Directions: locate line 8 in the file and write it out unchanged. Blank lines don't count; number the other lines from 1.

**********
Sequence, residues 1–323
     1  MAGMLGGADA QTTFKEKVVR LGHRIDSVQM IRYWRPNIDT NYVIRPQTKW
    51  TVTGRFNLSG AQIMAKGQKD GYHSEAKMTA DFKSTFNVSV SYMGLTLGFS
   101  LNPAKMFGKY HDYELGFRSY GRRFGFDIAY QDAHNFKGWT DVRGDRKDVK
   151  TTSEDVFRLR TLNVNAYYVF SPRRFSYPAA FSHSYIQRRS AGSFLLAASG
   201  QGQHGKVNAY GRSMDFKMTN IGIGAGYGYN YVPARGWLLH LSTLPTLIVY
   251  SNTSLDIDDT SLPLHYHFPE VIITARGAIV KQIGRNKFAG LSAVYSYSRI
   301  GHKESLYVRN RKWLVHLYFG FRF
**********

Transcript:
   301  GHKESLYVRN RKWLVHLYFG FRF